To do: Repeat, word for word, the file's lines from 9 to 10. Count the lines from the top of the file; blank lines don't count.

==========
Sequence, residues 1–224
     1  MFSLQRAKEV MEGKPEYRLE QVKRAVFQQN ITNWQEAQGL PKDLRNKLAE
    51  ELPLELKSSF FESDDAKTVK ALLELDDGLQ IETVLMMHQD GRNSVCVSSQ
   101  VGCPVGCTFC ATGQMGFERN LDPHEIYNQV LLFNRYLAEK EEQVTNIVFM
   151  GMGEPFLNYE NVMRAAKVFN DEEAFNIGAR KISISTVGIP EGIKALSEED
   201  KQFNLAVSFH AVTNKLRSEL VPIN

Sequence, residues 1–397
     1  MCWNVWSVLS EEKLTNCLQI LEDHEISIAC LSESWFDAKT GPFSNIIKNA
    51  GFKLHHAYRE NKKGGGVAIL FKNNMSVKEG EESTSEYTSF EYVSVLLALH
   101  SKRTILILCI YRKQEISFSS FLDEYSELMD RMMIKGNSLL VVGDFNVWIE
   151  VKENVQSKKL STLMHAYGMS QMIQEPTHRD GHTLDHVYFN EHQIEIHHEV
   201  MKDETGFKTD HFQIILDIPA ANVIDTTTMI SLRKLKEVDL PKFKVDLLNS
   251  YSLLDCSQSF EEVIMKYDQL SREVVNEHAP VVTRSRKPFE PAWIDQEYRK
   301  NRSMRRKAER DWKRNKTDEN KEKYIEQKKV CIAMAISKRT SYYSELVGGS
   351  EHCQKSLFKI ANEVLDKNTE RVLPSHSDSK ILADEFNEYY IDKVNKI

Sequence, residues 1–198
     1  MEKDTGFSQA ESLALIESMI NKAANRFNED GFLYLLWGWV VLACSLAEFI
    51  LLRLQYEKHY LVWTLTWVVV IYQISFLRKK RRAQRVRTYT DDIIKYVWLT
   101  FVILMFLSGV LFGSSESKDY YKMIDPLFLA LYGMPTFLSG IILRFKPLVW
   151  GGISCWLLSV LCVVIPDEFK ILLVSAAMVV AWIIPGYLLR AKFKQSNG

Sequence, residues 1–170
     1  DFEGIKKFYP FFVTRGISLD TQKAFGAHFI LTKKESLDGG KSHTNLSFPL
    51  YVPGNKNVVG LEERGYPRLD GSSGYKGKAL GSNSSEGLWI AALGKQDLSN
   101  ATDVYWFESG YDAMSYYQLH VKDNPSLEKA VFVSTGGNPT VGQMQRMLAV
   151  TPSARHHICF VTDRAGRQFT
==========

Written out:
    51  GFKLHHAYRE NKKGGGVAIL FKNNMSVKEG EESTSEYTSF EYVSVLLALH
   101  SKRTILILCI YRKQEISFSS FLDEYSELMD RMMIKGNSLL VVGDFNVWIE